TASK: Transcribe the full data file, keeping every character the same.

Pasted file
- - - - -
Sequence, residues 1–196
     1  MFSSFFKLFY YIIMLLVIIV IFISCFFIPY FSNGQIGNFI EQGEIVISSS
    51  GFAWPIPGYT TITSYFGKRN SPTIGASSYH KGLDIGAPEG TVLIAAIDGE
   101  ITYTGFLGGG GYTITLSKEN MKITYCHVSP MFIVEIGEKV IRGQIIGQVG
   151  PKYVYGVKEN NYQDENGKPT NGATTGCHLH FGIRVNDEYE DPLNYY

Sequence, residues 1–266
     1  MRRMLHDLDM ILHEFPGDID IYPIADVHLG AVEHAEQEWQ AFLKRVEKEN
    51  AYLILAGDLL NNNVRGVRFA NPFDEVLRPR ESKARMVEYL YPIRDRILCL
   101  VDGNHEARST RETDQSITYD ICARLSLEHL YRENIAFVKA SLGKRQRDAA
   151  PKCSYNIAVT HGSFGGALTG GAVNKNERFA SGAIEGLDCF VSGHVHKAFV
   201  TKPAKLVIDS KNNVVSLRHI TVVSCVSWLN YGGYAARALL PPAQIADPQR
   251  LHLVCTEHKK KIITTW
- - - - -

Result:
Sequence, residues 1–196
     1  MFSSFFKLFY YIIMLLVIIV IFISCFFIPY FSNGQIGNFI EQGEIVISSS
    51  GFAWPIPGYT TITSYFGKRN SPTIGASSYH KGLDIGAPEG TVLIAAIDGE
   101  ITYTGFLGGG GYTITLSKEN MKITYCHVSP MFIVEIGEKV IRGQIIGQVG
   151  PKYVYGVKEN NYQDENGKPT NGATTGCHLH FGIRVNDEYE DPLNYY

Sequence, residues 1–266
     1  MRRMLHDLDM ILHEFPGDID IYPIADVHLG AVEHAEQEWQ AFLKRVEKEN
    51  AYLILAGDLL NNNVRGVRFA NPFDEVLRPR ESKARMVEYL YPIRDRILCL
   101  VDGNHEARST RETDQSITYD ICARLSLEHL YRENIAFVKA SLGKRQRDAA
   151  PKCSYNIAVT HGSFGGALTG GAVNKNERFA SGAIEGLDCF VSGHVHKAFV
   201  TKPAKLVIDS KNNVVSLRHI TVVSCVSWLN YGGYAARALL PPAQIADPQR
   251  LHLVCTEHKK KIITTW